British businesses are missing out on the significant cash benefits of R&D; simply because they’re unaware of the qualification criteria, argues the CEO of printing.com, Tony Rafferty.
Rafferty recently cancelled plans to relocate his SME to Switzerland because of what he regards as a new era of support from the tax system. Namely, the reduction of UK corporation tax coupled with the significant enhancement of R&D tax credits persuaded Rafferty to abandon the move. He’s surprised at how few UK companies are making the most of the R&D relief available to them.
R&D relief is available for innovative businesses liable for corporation tax. If SMEs qualify the relief can drastically reduce an organisation’s tax bill. Business can only claim for R&D funding if they have research and development projects; projects that seek to achieve an advance in overall knowledge or capability in a field of science or technology through the resolution of scientific or technological uncertainty, and not simply an advance in its own state of knowledge or capability can claim. (HM Revenue and Customs’ website contains a detail explanation on “How to show the project is R&D”.)
Printing.com began in 1997 when Rafferty decided to make flyers for night club owners. Since then the Manchester-based digital platform has grown into one of the UK’s biggest retail print firms. The business operates from over 250 locations throughout Europe. The relocation to Switzerland was planned ahead of a £2m investment programme to develop new software and the company’s online web-to-print offer.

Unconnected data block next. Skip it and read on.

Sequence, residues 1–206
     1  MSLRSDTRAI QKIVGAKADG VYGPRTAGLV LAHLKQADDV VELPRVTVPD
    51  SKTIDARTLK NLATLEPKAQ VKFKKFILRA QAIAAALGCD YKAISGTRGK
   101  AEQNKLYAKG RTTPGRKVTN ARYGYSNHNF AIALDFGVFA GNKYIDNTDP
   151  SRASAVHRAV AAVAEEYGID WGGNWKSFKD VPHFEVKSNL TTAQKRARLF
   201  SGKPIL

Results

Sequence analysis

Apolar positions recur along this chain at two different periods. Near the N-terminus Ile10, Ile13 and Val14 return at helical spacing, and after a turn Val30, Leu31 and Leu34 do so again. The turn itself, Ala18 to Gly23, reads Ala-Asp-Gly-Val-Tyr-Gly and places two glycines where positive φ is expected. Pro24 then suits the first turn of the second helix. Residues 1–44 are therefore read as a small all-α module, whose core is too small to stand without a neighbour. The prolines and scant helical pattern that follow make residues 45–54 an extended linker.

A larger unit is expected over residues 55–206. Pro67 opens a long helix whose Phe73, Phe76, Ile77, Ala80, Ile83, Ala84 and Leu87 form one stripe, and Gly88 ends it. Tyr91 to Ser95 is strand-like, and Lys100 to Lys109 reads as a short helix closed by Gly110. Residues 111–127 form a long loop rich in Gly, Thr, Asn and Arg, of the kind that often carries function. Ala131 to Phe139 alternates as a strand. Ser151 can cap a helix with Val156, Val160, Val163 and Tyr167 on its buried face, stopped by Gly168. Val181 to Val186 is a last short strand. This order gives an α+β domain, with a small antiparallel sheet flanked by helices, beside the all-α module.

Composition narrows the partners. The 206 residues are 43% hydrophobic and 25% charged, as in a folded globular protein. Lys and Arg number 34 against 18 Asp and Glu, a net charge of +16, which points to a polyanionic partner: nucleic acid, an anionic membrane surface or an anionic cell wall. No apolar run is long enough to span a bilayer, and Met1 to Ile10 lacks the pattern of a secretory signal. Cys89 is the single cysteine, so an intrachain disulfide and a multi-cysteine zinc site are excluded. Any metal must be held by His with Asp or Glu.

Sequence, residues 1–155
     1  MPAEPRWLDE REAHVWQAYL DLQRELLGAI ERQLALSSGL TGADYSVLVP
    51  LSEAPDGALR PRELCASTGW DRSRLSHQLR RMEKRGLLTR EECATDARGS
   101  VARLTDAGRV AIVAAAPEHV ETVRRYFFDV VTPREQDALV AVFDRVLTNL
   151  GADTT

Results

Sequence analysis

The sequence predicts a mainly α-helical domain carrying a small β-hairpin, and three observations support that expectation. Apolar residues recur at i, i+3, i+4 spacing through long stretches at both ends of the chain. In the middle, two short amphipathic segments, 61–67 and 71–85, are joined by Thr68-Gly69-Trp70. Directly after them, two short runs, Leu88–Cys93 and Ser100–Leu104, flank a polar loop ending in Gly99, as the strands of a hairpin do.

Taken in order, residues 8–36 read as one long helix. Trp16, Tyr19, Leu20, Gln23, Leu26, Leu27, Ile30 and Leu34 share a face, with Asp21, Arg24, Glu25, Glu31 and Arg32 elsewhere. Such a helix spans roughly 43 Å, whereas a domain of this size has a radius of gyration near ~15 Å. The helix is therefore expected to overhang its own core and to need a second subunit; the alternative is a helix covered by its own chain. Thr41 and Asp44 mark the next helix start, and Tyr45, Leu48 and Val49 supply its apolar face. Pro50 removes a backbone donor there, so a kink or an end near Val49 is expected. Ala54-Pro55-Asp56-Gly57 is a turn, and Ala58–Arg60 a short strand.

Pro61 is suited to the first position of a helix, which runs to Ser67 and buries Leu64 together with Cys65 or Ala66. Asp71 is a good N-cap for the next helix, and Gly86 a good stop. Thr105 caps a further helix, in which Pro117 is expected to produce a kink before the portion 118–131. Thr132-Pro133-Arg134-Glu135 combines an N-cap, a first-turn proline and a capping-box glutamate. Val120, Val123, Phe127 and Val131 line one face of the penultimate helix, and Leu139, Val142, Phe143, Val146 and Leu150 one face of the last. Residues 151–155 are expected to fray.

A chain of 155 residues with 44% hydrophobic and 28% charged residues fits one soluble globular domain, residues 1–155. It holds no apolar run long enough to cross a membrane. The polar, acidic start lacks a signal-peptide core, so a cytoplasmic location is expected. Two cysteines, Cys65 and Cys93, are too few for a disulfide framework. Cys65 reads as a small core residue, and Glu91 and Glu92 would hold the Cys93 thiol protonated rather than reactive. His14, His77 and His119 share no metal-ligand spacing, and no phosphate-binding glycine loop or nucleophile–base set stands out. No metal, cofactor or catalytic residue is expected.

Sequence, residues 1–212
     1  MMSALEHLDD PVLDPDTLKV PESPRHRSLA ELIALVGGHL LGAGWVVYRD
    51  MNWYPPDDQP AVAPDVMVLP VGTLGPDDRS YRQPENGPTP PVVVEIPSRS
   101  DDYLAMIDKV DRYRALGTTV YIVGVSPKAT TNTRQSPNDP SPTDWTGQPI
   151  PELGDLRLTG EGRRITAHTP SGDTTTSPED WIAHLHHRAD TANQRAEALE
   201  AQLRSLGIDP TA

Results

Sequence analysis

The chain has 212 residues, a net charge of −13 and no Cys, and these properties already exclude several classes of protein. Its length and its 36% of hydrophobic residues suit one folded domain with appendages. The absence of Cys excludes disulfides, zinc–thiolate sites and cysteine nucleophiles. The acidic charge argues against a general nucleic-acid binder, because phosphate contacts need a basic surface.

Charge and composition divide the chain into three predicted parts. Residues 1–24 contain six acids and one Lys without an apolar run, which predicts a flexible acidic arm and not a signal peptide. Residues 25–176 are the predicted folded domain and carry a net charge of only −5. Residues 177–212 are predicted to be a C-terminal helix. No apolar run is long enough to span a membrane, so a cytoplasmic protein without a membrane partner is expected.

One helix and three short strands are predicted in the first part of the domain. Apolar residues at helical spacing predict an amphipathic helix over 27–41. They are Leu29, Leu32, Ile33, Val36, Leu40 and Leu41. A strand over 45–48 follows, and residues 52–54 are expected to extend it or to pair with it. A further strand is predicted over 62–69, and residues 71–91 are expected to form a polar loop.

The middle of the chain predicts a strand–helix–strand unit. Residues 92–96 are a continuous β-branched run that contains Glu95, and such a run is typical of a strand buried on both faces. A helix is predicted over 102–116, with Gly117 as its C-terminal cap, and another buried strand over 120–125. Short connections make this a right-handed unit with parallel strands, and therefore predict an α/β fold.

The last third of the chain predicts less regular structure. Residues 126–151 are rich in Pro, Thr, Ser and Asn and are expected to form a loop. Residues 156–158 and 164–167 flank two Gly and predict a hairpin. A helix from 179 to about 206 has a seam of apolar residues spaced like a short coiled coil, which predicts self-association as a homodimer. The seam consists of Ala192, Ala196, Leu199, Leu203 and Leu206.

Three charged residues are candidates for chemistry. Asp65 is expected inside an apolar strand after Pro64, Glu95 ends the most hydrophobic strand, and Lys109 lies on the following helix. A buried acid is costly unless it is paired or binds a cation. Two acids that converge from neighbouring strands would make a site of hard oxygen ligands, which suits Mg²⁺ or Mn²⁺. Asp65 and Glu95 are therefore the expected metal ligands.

There are two R&D schemes for claiming relief, depending on the size of the company or organisation: the SME scheme and the large company scheme
However, to benefit from the SME scheme an organisation has to meet the HMRC’s required definition: “A company or organisation with fewer than 500 employees and either: An annual turnover not exceeding £82m and a balance sheet not exceeding £70m.”
But SMEs will have to read carefully as HMRC small print includes that R&D relief only applies to revenue expenditure – generally, costs incurred in the day-to-day running of the business, as opposed to money spent on capital assets – and businesses can’t claim this relief on capital assets.
“You can save up to 31.25 per cent of every pound spent on research and development through tax relief aimed at supporting innovation in British companies,” said Rafferty. “The definition of what constitutes R&D activity is broad and can go much wider than the obvious research streams.”
Printing.com’s R&D spend focused on bespoke software for its new templatecloud service – launched earlier this year with the intention of creating the world’s largest supply of online, editable graphic designs.
Rafferty is certain that tax breaks are the key to unlock Britain’s development potential: “We’re in an entirely different universe from the way entrepreneurs operated in a few years back where the treasury refused to accept that policy makers could have any effect on innovation.”
He concludes: “For years there was a fatalistic attitude that innovation is not amenable to government action. But I know from personal experience that one direct way to influence innovation is through the tax system.”
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